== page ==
Torsional Vibration Reduction for Geared Aviation Compression Ignition Engines with Power Transmission Through the Camshaft or Dedicated Internal Driveshaft A Sweep Through 2 and 4-Stroke Engines with Differing Numbers of Cylinders and Two Comparison Power Train Configurations Indicate the 4-Stroke, 6-Cylinder Engine is Ideally Suited for this Application

Paper #:
  • 2017-01-1808

Published:
  • 2017-06-05
Citation:
Nardella, F., "Torsional Vibration Reduction for Geared Aviation Compression Ignition Engines with Power Transmission Through the Camshaft or Dedicated Internal Driveshaft A Sweep Through 2 and 4-Stroke Engines with Differing Numbers of Cylinders and Two Comparison Power Train Configurations Indicate the 4-Stroke, 6-Cylinder Engine is Ideally Suited for this Application," SAE Technical Paper 2017-01-1808, 2017.
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Pages:
8
Abstract:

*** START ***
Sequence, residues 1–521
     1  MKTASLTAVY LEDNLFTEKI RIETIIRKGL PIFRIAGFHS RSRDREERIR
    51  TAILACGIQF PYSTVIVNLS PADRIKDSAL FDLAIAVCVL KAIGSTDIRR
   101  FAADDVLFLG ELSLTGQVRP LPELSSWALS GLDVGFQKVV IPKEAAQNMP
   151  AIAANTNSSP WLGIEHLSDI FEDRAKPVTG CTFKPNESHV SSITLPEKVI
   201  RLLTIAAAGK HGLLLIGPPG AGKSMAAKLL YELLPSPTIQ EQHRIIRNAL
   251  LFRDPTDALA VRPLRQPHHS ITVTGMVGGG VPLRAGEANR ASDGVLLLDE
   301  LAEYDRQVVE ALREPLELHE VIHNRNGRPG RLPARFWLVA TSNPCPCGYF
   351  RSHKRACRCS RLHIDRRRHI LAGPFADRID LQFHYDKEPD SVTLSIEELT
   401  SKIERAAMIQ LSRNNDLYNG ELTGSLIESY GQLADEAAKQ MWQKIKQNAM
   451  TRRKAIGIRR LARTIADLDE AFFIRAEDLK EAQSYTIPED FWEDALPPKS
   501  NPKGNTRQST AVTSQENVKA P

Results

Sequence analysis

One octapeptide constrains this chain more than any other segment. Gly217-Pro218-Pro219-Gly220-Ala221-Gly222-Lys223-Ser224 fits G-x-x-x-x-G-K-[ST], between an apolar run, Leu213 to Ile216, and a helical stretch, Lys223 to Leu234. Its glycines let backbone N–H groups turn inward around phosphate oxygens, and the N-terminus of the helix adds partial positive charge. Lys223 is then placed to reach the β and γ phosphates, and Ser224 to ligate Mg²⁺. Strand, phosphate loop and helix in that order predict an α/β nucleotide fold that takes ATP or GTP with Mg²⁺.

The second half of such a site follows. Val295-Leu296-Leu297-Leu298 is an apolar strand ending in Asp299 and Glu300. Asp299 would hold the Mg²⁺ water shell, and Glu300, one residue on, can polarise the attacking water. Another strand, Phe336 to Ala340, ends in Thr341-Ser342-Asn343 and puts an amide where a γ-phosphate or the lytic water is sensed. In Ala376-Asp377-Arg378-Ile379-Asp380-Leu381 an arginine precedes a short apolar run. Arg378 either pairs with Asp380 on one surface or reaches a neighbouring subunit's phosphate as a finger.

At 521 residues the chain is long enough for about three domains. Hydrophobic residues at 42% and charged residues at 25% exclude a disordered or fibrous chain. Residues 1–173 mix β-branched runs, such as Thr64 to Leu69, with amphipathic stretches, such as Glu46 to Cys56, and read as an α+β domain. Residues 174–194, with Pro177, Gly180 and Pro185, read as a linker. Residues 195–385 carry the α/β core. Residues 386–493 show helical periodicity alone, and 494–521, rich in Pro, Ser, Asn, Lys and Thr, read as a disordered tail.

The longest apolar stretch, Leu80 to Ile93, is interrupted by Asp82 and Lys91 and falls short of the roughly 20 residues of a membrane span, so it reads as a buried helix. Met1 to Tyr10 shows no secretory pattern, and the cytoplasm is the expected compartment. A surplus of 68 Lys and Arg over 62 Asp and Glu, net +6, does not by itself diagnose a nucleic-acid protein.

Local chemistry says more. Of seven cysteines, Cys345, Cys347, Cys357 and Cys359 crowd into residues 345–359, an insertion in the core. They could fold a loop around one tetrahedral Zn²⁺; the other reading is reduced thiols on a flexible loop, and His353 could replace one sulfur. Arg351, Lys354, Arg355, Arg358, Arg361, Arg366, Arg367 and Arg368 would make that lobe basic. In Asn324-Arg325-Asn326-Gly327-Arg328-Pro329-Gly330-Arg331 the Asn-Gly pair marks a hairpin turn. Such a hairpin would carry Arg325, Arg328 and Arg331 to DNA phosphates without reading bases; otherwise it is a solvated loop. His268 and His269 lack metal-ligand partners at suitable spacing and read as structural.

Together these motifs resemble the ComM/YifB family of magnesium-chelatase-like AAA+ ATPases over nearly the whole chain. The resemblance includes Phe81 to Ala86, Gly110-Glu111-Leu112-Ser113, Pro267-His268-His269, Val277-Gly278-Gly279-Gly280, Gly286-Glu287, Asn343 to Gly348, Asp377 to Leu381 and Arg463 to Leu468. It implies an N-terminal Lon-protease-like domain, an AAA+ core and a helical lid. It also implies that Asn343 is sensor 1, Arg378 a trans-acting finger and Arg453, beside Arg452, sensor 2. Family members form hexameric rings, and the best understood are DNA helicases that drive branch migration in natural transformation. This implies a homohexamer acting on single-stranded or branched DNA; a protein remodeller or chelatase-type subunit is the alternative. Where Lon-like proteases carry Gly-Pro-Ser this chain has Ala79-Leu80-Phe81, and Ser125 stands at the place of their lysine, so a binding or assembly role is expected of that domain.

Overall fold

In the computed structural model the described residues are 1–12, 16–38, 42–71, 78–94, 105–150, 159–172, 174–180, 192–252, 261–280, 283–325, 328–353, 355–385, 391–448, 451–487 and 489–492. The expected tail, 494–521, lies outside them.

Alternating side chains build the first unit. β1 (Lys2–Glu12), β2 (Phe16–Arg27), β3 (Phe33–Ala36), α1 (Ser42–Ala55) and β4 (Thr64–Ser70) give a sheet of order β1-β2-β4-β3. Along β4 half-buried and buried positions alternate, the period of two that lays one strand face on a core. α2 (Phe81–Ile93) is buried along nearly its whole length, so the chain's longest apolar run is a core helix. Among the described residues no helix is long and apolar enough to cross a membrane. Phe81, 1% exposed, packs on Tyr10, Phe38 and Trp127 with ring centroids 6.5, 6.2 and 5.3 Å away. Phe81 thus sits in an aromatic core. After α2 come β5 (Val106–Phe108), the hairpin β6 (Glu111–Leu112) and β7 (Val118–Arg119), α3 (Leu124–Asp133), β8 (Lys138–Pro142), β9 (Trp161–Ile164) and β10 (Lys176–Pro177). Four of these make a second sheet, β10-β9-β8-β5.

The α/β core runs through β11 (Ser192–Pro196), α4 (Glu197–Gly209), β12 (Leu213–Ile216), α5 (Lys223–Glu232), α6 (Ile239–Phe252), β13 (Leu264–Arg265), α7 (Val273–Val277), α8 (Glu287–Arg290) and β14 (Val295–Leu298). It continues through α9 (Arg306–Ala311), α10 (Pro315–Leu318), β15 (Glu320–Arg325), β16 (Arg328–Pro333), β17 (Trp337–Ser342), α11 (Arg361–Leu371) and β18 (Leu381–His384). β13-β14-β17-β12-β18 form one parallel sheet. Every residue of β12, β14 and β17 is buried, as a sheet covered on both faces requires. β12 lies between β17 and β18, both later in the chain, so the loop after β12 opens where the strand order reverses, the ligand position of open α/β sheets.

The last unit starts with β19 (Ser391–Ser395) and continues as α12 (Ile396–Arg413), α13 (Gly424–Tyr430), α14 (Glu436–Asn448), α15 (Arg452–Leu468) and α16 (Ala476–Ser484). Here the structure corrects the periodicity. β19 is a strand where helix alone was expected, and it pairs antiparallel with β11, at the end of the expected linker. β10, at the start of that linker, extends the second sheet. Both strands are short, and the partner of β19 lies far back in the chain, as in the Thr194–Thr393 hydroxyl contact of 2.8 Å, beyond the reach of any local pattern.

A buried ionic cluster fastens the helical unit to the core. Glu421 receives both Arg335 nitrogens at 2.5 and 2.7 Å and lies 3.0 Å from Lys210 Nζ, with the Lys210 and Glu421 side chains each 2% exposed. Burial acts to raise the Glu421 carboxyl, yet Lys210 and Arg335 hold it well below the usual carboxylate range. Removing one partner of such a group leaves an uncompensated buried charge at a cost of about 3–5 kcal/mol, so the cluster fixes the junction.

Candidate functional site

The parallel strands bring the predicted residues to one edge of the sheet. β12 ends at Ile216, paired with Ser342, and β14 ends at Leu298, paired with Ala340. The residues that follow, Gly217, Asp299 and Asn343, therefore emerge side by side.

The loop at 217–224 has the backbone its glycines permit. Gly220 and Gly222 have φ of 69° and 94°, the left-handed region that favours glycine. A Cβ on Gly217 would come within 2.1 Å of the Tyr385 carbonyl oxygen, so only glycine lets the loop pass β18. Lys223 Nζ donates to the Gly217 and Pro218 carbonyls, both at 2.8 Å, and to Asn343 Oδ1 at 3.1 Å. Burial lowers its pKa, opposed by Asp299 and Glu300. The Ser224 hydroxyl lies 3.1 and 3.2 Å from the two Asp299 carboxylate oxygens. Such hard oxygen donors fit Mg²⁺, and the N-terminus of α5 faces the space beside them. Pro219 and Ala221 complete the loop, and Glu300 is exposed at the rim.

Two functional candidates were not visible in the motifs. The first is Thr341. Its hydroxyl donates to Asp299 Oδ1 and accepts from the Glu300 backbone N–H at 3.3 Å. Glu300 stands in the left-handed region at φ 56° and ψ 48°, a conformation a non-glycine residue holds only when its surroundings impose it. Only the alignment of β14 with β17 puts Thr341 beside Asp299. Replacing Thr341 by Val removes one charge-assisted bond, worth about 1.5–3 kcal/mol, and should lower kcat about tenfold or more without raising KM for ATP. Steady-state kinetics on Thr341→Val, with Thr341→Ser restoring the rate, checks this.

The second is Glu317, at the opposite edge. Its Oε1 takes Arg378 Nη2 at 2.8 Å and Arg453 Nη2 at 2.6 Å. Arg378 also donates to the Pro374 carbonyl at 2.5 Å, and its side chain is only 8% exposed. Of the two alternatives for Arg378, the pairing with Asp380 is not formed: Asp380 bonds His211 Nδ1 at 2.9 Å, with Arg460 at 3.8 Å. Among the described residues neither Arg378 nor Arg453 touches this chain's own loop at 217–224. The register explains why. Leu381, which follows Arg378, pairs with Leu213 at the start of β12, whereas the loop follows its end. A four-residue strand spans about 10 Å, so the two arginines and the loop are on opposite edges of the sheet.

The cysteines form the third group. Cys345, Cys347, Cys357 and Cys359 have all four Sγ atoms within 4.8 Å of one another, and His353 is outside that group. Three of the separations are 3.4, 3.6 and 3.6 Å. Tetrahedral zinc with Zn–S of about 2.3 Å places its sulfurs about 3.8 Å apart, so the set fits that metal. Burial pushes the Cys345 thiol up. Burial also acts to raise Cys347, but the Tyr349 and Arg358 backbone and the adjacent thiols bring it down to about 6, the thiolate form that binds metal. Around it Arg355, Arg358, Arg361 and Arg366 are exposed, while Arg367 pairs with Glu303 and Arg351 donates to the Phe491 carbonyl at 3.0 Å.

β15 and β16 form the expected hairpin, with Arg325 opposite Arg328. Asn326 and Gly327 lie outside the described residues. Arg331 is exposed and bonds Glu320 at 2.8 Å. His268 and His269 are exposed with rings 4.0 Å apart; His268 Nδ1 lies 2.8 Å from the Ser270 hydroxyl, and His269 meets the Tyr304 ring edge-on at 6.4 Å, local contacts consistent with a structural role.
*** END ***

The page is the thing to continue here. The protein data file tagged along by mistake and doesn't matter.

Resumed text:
In a previous report, it was shown that power transmission through the camshaft reduced the first mode natural frequency of the power train and translated its convergence with dominant engine excitatory harmonics to a lower engine speed resulting in a marked reduction in torsional vibration while achieving 2/1 gear reduction for a 4-stroke 6-cylinder compression ignition (CI) engine for aviation. This report describes a sweep though 2 and 4-stroke engines with differing numbers of cylinders configured as standard gear reduction (SGRE) and with power transmission through the camshaft (CDSE) or an equivalent dedicated internal driveshaft (DISE). Four and 6-cylinder 4-stroke engines were modeled as opposed boxer engines. Four and 6-cylinder 2-stroke engines and 8, 10 and 12-cylinder 2-stroke and 4-stroke engines were modeled as 180° V-engines. All 2-stroke engines were considered to be piston ported and configured as SGRE or DISE. All 4-stroke engines were configured as SGRE or CDSE. Mass-elastic models of the different engine power train configurations were constructed and analyzed using the torsional vibration module in Shaft Designer obtained from SKF (Svenska Kullagerfabriken). Maximum torsional stress at the power train segments was used to discriminate between the different configurations. The best 4-stroke CDSE configuration was the 6-cylinder engine as described previously and provided a significant advantage over the SGRE configuration. The best 2-stroke applications with the analogous DISE configurations were the 8 and 10-cylinder engines although they were inferior to the SGRE configurations. These simulation studies suggest that the 6-cylinder 4-stroke engine is ideally suited for use with the CDSE power train configuration for reduction of torsional vibration and achieving gear reduction compared with SGRE.
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